Japanese broadband subscriptions hit 5 millionBy Martyn WilliamsTOKYO - The number of broadband subscribers in Japan has hit 5 million, according to the most recent data from Japan's Ministry of Public Management, Home Affairs, Posts and Telecommunications (MPHPT).
At the end of June, the total number of broadband subscribers was 5.0 million, said the MPHPT in its monthly statistical report. Two-thirds of all subscribers, or 3.3 million homes, are connected via DSL (digital subscriber line) with almost the entire remainder being via cable Internet. Fibre to the home (FTTH) services are starting to make their presence felt with almost 70,000 subscriptions registered at the end of June, said the MPHPT.
It took Japan two and a half years to reach the 5 million point although the vast majority of growth came in the last year and a half. Foot-dragging by local loop provider Nippon Telegraph and Telephone. (NTT) in connecting customers to private providers meant the first year saw very slow growth, despite significant demand, with just over 1,200 people signed up for DSL after six months of service. Once NTT started its own DSL service at the end of 2001, the pace of new subscriptions picked up and is now running at around 300,000 per month.
The latest figure represents a penetration rate of around 11 per cent of Japan's 45.5 million households, putting the country far behind East Asian neighbour South Korea, which last week reported broadband subscriptions at the end of June had passed 9 million, representing two out of every three households in the nation.
Cisco denies rumours after stock fallsBy Jim DuffySAN JOSE - Cisco Systems stock fell more than 8 per cent earlier this month amid rumours that CEO John Chambers and/or CFO Larry Carter would resign without attesting to the accuracy of the company's fourth quarter and fiscal year 2002 financial results.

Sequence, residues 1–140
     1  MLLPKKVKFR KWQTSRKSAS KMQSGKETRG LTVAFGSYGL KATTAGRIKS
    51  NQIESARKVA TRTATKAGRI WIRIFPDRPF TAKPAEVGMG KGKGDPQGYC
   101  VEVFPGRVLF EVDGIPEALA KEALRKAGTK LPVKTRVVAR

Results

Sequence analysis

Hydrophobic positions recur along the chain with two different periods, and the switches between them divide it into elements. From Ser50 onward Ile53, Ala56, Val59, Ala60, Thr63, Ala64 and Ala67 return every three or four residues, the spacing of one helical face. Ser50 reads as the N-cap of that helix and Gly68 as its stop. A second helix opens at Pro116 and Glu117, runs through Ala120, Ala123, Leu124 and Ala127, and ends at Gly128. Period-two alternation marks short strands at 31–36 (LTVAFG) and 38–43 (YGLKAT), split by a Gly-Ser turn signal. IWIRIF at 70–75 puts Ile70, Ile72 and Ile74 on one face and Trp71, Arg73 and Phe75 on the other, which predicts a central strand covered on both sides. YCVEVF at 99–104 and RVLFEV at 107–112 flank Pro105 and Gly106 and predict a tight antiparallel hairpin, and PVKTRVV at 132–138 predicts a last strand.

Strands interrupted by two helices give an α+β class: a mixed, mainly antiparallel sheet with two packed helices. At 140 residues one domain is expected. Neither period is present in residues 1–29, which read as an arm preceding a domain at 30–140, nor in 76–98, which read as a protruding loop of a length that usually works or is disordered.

Cisco does not typically comment on rumours, but this one was apparently too hot to resist. Cisco told Reuters that it has a "strong financial process to ensure that our disclosures are appropriate, complete and accurate".
"Cisco's CEO and CFO stand behind our filings and have always approached our disclosures with the degree of seriousness and responsibility they warrant. Formalising this process does not give us any concern. We fully intend to comply with this regulation, and will sign accordingly,"Cisco said.
Government security regulators recently mandated large companies must swear to the accuracy of their financial statements.
"Because our fiscal year ended on July 27, our deadline to file is October 25. We plan to file our certification with our 10K in late September, consistent with our practice of filing well in advance of deadlines," Cisco said.
Some analysts were quick to dismiss the rumours.
"I don't see any merit in the Cisco CFO/CEO certification [or resignation] rumours, which unfortunately may be a result of short sellers creating the negative buzz in order to buy Cisco on a dip before its earnings [are announced]," said Bill Lesieur, director of Technology Business Research.
"If CFO Larry Carter wanted to leave Cisco for career or personal growth reasons, I don't see him leaving before 2003. Carter is one of the most accomplished high-tech CFOs ever, so I imagine he would want to leave Cisco on a high note, when the market is on a stronger recovery path in 2003," he added.
"As for CEO John Chambers leaving Cisco, I don't envision that happening in the near future, unless President Bush offers him a new cabinet position as high-tech czar of the United States of America," Lesieur said.
Microsoft loosens grip on software before rulingBy Scarlet Pruitt BOSTON - Microsoft has announced it is moving ahead to adopt some remedies of its proposed antitrust settlement with the US Department of Justice (DOJ) and nine states, such as allowing the unbundling of its "middleware" products and revealing some key intellectual property to competitors, enabling them to create products that are interoperable with Microsoft software.
The announcements came as part of what Microsoft said will be periodic updates to its progress on the settlement agreement.